Christian History began ten years ago in the mind of Dr. A. Kenneth Curtis. Ken is president of Gateway Films, a Christian film company he founded more than twenty years ago, and chairman of its companion, Vision Video, Inc. His films have garnered more than 30 awards, including an international Emmy.

Ken earned his Ph.D. in communications from Walden University, Minneapolis, Minnesota, and has received an honorary doctorate from another alma mater, Gordon-Conwell Theological Seminary in South Hamilton, Massachusetts. Ken continues as senior editor for Christian History and serves on the board of Christianity Today, Inc. He also publishes Glimpses, a lively church-bulletin insert about church history. He recently became a grandfather.

Editors Kevin Miller and Mark Galli joined Ken in his office—a converted barn in the gently rolling hills of eastern Pennsylvania—to get the story on Christian History's early days.

Christian History: Where did you get the idea to start this magazine?

Ken Curtis: Our fledging film company had just put out a film on John Hus, the Bohemian reformer. I had an opportunity to show it at a Christian Film Distributors Association meeting. As I was introducing the film, I asked, "How many of you know who John Hus was?" Out of several hundred people, about three hands went up.

I was surprised, but not nearly as much as later, when I was about to show the film to a group of pastors. Again I asked, "How many of you know who John Hus was?" Only half the group had even heard of him.

I realized that we contemporary Christians have little idea where we came from. Lay people are nearly totally unaware of our past, and ministers receive only a semester or two of church history—hardly enough to get a good grasp of the past.

So we prepared a 16-page guide to accompany the film, to give people more background. For our next film, First Fruits, the story of Count Zinzendorf and the first Moravian missionaries, we upgraded the pamphlet to a magazine format. The response was heartening, so we continued by publishing issues for our films on John Wesley and John Wycliffe.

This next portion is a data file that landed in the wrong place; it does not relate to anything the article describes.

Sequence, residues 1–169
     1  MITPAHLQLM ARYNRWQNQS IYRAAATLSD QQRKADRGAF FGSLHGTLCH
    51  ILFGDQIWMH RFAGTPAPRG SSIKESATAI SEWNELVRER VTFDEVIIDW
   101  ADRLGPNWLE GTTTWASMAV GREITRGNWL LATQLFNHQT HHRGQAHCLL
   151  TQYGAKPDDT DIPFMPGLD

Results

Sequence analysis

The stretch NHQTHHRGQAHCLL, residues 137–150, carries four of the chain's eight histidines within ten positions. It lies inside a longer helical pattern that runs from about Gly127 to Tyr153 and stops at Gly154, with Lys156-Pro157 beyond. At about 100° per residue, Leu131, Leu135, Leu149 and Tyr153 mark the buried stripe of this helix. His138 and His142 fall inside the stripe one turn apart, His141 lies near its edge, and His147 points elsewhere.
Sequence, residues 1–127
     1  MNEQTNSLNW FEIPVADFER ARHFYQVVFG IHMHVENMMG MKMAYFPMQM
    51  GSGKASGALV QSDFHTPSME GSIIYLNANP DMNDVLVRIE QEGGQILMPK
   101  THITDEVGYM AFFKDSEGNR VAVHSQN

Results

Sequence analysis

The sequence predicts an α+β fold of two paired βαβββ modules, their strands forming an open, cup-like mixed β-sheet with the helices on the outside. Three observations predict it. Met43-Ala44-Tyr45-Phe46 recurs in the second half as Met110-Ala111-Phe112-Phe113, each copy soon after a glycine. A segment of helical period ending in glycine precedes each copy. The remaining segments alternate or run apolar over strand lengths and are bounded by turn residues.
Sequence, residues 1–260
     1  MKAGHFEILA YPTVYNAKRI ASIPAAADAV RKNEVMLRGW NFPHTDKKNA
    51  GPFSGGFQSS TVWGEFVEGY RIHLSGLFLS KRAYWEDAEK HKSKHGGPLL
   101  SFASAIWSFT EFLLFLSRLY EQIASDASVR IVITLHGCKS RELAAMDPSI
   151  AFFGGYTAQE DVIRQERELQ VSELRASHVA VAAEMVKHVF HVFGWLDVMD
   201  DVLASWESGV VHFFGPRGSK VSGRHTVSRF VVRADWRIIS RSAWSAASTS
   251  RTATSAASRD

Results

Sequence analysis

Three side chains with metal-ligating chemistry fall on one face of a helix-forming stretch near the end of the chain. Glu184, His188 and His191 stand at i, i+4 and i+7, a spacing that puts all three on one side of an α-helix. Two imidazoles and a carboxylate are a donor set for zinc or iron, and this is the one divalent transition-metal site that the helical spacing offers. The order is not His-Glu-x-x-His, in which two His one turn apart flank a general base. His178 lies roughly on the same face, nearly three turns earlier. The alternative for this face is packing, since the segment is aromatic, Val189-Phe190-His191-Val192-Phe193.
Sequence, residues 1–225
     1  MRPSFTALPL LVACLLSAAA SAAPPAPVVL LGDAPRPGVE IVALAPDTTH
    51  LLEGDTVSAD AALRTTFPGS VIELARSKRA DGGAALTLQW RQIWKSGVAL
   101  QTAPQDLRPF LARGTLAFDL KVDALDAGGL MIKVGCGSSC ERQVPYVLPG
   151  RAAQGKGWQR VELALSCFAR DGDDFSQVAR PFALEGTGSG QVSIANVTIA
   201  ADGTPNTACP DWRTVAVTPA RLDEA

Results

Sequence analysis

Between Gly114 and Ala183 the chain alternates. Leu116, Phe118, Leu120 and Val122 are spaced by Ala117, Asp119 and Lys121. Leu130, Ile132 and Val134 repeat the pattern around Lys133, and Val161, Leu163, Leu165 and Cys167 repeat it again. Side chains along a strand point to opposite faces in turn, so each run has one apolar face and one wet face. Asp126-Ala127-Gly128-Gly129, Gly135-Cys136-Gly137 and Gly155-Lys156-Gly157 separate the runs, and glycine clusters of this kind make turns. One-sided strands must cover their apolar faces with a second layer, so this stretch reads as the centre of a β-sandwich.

When did it become a regular magazine?

Starting with the first issue, people were saying, "How can I sign up for this?" It soon became apparent the magazine deserved a life of its own. Our issue on Ulrich Zwingli, our fourth, was the first that didn't accompany a film. At that point, we announced we would try to publish the magazine quarterly.

We wanted the magazine to introduce lay people to church history, perhaps to become a resource for adult-education classes. Mostly, we wanted to create an appetite, a hunger for knowing the history of the church.

What was the response?

It was two-sided.

On the one hand, people were discovering and loving the magazine. A man from Switzerland told me how much his seminary there appreciated the issue on Zwingli—extra copies were placed in the men's room for reading there!

On the other hand, experts in Christian publishing were telling me, "starting a magazine is more complicated than you realize. With no capital and no proven constituency, you're not going to make it."

In one sense, they were right. I had no idea how to build circulation or to find capital to roll out a direct-mail effort. Fortunately, through word of mouth and inserts in our film shipments, the magazine grew pretty quickly on its own to 10,000 subscribers.

What obstacles did you face at the beginning?